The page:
We should also recognise that while other systems have problems, we should not think they are doomed. The liberal, social democracies of the West have endured enormous turbulence. While I think it's credible to suggest they're under threat, it would be a mistake to pronounce the death of any unstable system. And it's taken tremendous pressure even to bring them to their current crisis. Similarly, rumours of the death of capitalism have been perpetuated since at least the 19th century, but it's still not dead. It too has endured plenty of crises yet no credible alternatives have ever really been devised.

But it's not so much that any of these systems might be on the verge of collapse that's interesting so much that it is that they have problems which science simply doesn't. Problems of market forces creating monopolies, price fixing, and, more chronically, enormous wealth inequality and skyrocketing prices, are all real problems but solvable through regulation. No sensible person would say that the free market means it should be anything other than free in the sense of freedom under law. Democracies have problems of voters making astonishingly stupid choices; the free market of the media has led to comically absurd levels of polarisation and often outright hatred.

The point is that while economics and politics both seem to need continuous management, a guiding and hardly invisible hand of the state, science doesn't. Why ? And in particular, is the popular "efficient democracy hypothesis" even credible ?

I'll suggest on this latter point that no, it isn't. It's true that "everything's getting worse" is a popular fallacy, and by many statistical measures things are getting progressively better. Fair enough, but it would be stupid to then presume that politics must be doing anything remotely like close to optimal given the available options, let alone that the current crises are mere aberrations. I'll be blunt : anyone still supporting Brexit and/or Trump is an idiot, and most of those who supported them to begin with (especially Trump) were idiots anyway. The major reason voters didn't make such stunningly awful choices in the past is simply because they weren't given the opportunity to do so; let's not forget, of course, that politics has made mistakes the like of which modern science could scarcely believe.

And I'll also add that politics might in some way be a victim of its own success. In the past, when there were clear and present external dangers, nations have often rallied to defend themselves (though by no means always with success). But when a country is prosperous and perceives little external dangers, it falls into complacency. Bereft of outside enemies, the system has a horrible tendency to create new ones of its own people.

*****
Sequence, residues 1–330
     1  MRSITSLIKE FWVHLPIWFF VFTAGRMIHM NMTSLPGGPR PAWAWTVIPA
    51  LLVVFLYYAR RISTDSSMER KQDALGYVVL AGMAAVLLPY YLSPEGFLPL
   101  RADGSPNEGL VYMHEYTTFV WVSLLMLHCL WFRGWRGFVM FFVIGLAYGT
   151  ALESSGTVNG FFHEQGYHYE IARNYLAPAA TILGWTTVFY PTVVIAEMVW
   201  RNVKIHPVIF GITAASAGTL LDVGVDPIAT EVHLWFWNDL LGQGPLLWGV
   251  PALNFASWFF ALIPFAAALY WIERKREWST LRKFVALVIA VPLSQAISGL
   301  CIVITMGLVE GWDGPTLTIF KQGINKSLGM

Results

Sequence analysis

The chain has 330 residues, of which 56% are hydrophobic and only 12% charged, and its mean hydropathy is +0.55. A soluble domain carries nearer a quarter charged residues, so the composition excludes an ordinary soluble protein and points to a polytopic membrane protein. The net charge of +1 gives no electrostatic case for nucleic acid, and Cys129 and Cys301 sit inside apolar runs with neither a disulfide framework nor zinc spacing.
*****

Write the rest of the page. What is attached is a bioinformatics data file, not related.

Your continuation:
Okay, rant over. What has all this preamble taught us, if anything ?


Science does seem to do pretty well at selecting people who are able to do science. Since that does require some degree of both critical and analytical thinking, it would be a mistake to say that scientists are a good representative sample of the population. But it would be foolish to say that this is the only or even main factor at work : plenty of other people are intelligent, rational, and all-round good eggs. Lots of people enjoy learning and even being wrong, but other sectors seem to have problems that science doesn't.

The network also seems to be an important contributing factor but it can't be the whole story. Science balances competition and collaboration very well, but other areas try and do this but often - but by no means always - either fail or cause everyone massive problems. That's not to say that science and technology don't also cause problems too (the Industrial Revolution transformed the economy but also wrecked the planet), but those, for the most part, would seem to be a result of improper use rather than innate problems of research itself.

Make no mistake : individual scientists can be thick as shit. Yet the overall consensus always seems to do pretty well given the evidence available, whereas politics struggles to see the blindingly obvious. As for unchecked market forces, it's not that they never do anything good so much as they don't seem to give a damn about some pretty horrific side effects.

If it's not the people, and it's not the network, where else could the secret be hiding ? My guess is it's the methodology scientists have adopted. Next time I'll look at that in detail and try and see if we can apply this to other areas.